“Courage is not the absence of fear.  It is acting in spite of it.”   

 – Mark Twain.

 Of courage and fear, fear is the more difficult to define.  It takes many forms and draws on primal insecurities – especially the instinct for self-preservation and an urgent need for the approval of our peers.  Fear hinges on the potential for damage to our physical or psychic selves.  While fear of death may be greatest, the fear of embarrassment is close behind – we harbor primitive instincts that drive us to conformity.

Courage is sometimes described as “doing the right thing.”  Winston Churchill famously said that “fear is a reaction and courage is a decision.”  That’s often true, but acts described as “courageous” may also be reactive.  When a father jumps in front of an oncoming car to save his small child, is that not an act of pure instinct?

Such acts are observable in many mammals, and are not “courageous” in the sense intended here.  A courage which faces down fear, which does the right thing despite the sensation of fear, could be described as “cognitive courage.”  It represents not an insensitivity to fear, but a decision to act in spite of it.  Cognitive courage is a character trait – a commitment to basing one’s actions on conscious decisions rather than instincts, fears or feelings.  Courage, defined in this way, is unique to humankind.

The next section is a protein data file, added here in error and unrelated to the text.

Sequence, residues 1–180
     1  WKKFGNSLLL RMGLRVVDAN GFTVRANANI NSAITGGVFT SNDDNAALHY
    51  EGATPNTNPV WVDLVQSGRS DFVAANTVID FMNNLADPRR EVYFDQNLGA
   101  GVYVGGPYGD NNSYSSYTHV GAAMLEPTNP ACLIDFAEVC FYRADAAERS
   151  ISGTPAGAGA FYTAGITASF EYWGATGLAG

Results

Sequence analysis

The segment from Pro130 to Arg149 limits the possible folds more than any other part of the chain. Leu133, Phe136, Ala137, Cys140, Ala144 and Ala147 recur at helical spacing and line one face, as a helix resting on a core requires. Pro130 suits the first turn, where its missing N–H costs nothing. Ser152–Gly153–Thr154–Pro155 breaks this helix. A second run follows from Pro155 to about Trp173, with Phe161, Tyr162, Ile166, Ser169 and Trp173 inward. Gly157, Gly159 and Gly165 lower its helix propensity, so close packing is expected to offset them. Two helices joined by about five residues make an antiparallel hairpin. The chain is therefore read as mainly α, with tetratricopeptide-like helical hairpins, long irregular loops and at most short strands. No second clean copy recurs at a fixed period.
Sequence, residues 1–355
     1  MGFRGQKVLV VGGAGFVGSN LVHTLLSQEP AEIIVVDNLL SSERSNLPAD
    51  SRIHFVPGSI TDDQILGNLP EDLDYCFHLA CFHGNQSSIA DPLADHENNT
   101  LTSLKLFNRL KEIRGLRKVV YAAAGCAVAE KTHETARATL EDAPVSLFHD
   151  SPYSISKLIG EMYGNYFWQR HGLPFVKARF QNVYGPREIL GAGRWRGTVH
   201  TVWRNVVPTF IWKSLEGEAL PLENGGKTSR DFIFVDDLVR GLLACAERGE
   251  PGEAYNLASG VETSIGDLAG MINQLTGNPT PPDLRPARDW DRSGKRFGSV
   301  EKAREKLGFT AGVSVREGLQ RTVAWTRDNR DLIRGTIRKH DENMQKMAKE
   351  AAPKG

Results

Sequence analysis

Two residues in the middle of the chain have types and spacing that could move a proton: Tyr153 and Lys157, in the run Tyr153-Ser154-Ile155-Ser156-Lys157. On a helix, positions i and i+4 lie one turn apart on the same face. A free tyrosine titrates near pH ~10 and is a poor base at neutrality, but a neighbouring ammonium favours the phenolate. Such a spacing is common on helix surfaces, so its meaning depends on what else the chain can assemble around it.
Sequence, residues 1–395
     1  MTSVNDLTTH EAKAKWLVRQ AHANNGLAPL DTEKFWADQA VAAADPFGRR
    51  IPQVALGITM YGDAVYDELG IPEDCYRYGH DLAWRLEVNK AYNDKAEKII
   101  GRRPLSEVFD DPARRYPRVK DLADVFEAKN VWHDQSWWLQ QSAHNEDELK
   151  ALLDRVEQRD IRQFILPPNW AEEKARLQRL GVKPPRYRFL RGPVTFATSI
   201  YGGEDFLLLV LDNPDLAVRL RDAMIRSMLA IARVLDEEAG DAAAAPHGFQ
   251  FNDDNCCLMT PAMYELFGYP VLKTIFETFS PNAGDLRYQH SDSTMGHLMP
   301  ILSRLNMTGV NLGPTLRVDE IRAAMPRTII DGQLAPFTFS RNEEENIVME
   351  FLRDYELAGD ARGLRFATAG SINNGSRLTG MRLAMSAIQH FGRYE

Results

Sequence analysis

The courageous individual must apply judgment in each courageous act — the exercise of courage requires a disciplined mind and strong values.  Courage sometimes involves putting the interests of others above one’s own, but not always.  Courage requires thinking and decision-making; it’s neither straightforward nor easy.  Courage is a choice.

John R. Rogers

October 11, 2015